June 24, 2018
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Line between ‘cops and robbers’ blurs in Bulger trial

U.S. Marshals Service | Reuters
U.S. Marshals Service | Reuters
James "Whitey" Bulger
By Richard Valdmanis, Reuters

BOSTON — Some of accused mobster James “Whitey” Bulger’s closest allies should have been his biggest enemies — the FBI agents who cooked him dinner and tipped him off about investigations into his Winter Hill crime gang in the 1970s and 1980s.

Jurors in Bulger’s murder and racketeering trial will get a second day of testimony on Friday from former FBI supervisor John Morris, who has described a cozy relationship among he, another corrupt agent and the gangsters they were meant to be keeping off the streets.

Once one of the most feared men in Boston, Bulger, 83, is charged with killing or ordering the murders of 19 people as head of Boston’s violent Winter Hill Gang, which ran extortion and gambling rackets for decades.

The trial, which began June 12, has given the jury a glimpse of an era when machine-gun toting mobsters shot associates who talked too much and buried bodies under bridges in a bloody struggle for control of the criminal underworld.

But it also has shown a dark side of the FBI during that period, when some former agents are alleged to have traded information with Bulger and his gang to help them elude arrest and murder “rats” who spoke to police.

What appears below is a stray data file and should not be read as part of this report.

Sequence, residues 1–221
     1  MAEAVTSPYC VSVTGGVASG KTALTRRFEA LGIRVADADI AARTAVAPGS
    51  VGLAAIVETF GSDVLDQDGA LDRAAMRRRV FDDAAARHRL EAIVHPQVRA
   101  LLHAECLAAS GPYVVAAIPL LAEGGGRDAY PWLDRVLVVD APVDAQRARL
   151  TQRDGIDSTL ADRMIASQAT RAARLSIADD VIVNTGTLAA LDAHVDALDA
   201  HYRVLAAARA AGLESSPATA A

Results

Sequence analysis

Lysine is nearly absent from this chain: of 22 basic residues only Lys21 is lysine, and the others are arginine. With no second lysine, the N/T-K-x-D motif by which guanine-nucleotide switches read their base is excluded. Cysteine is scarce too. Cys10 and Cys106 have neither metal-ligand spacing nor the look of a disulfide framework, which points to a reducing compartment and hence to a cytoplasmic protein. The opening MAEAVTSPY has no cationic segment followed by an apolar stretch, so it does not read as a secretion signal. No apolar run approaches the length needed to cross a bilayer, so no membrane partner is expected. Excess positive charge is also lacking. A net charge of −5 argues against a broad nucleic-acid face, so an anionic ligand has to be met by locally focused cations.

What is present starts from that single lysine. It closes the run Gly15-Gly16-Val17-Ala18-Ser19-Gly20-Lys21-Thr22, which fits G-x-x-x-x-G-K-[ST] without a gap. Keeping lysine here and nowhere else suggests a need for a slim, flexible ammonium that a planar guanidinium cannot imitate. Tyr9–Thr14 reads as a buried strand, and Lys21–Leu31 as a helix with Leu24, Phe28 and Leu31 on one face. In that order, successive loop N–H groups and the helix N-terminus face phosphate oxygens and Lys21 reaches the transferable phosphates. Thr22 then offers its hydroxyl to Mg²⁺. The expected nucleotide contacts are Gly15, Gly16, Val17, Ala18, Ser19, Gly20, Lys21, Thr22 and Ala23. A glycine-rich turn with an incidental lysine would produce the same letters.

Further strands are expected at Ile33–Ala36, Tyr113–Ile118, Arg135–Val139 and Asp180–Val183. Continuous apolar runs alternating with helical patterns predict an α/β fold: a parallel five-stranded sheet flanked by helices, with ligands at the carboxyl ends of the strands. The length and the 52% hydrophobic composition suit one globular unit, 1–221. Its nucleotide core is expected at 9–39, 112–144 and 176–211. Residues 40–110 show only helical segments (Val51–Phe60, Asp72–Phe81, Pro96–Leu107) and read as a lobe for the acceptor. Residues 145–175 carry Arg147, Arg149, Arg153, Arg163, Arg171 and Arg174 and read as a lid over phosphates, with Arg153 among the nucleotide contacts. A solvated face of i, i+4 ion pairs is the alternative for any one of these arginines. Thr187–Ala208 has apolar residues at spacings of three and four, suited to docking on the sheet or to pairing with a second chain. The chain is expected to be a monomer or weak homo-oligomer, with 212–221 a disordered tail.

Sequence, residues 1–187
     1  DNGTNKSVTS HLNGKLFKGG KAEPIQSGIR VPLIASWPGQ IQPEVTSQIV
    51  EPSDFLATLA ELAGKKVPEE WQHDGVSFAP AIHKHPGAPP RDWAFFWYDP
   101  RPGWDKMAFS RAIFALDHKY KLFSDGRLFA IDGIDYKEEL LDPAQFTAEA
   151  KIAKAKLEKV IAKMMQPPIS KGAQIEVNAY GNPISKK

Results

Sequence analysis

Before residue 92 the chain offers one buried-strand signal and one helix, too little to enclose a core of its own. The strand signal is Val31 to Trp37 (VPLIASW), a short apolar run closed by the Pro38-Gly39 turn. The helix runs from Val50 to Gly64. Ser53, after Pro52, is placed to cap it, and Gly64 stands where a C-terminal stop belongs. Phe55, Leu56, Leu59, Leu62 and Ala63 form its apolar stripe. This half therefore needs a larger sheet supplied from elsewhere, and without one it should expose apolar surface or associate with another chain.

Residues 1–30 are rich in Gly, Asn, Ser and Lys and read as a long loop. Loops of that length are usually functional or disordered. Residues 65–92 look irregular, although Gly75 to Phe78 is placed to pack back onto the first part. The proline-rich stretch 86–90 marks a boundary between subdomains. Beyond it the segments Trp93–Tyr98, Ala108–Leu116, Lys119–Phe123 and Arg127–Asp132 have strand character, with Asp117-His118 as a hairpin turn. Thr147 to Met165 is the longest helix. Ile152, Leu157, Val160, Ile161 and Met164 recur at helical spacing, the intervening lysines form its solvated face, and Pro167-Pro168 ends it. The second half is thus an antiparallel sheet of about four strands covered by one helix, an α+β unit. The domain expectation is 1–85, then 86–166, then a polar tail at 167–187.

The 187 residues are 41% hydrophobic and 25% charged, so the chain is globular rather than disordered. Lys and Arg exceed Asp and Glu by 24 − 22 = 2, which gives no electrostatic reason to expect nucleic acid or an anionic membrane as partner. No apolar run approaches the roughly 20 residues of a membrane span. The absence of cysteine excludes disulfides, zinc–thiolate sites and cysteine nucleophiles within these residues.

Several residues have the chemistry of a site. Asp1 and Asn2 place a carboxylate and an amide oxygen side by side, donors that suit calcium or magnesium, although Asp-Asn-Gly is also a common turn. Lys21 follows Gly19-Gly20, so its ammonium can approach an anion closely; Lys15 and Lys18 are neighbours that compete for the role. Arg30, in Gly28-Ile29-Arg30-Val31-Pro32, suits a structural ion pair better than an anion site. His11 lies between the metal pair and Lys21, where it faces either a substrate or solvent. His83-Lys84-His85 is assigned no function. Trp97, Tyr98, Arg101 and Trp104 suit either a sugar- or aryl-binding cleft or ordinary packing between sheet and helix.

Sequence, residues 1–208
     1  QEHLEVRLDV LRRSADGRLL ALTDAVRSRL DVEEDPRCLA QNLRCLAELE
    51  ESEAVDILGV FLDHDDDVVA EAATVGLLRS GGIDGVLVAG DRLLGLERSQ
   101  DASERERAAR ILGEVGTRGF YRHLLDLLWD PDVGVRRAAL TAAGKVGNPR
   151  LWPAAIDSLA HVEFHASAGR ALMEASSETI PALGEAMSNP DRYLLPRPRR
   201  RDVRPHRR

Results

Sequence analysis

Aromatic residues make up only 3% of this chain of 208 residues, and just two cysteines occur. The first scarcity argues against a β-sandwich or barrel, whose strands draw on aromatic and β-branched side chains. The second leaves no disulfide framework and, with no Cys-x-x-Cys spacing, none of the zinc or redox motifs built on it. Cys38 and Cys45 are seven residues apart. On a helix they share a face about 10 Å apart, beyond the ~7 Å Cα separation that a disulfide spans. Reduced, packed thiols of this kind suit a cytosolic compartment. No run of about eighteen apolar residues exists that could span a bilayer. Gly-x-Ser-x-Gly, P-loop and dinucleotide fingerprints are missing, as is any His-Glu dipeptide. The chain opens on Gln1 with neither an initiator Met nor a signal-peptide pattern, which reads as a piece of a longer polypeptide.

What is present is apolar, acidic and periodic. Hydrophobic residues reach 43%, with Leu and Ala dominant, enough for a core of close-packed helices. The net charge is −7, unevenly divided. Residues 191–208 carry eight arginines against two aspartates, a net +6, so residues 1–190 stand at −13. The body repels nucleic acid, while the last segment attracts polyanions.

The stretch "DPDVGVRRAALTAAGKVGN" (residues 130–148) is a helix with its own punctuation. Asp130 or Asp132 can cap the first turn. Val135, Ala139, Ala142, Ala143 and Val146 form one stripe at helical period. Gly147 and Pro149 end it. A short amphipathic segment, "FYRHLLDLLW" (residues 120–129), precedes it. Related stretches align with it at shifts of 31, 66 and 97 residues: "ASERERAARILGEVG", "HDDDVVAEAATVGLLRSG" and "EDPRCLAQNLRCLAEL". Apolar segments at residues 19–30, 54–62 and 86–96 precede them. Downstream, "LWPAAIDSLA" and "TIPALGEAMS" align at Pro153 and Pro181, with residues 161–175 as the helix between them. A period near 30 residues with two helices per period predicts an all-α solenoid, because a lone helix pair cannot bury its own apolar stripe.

Morris said on Thursday that he and fellow ex-FBI agent John Connolly — who cultivated Bulger as an informant — would invite Bulger and his associate Steven “The Rifleman” Flemmi to dinner, where they would trade information and gifts.

Connolly apparently got so rich on kickbacks that he began wearing jewelry and bought a boat and a second home on Cape Cod, Morris said, adding that he too had accepted at least $5,000 in cash directly from Bulger and provided tips.

“I felt helpless. I didn’t know what to do. I felt awful about everything,” he said.

Morris, who now works as a part-time wine consultant, was granted immunity from prosecution in 1998 in exchange for his testimony in hearings about FBI misconduct.

His description of Bulger as an FBI informant on Thursday caused Bulger to swear at him and call him a liar.

Bulger has adamantly denied providing any information to law enforcement officials, contending that he paid them for tips, but offered none of his own. He has pleaded not guilty to all charges. He faces possible life in prison if convicted.

Bulger’s story has fascinated Boston for decades and inspired the 2006 Academy Award-winning Martin Scorsese film, “The Departed,” in which Jack Nicholson played a character loosely based on Bulger.

He fled Boston after a 1994 tip from Connolly that authorities were preparing to arrest him. He evaded capture for 16 years, even though his name was prominent on the FBI’s “Most Wanted” list of fugitives.

Connolly is serving a 40-year prison term for murder and racketeering.

Bulger’s attorneys have spent much of the past few days attacking the reliability of the FBI’s 700-page informant file on him, which they contend was fabricated by Connolly to provide a cover for his frequent meetings with the gang boss.


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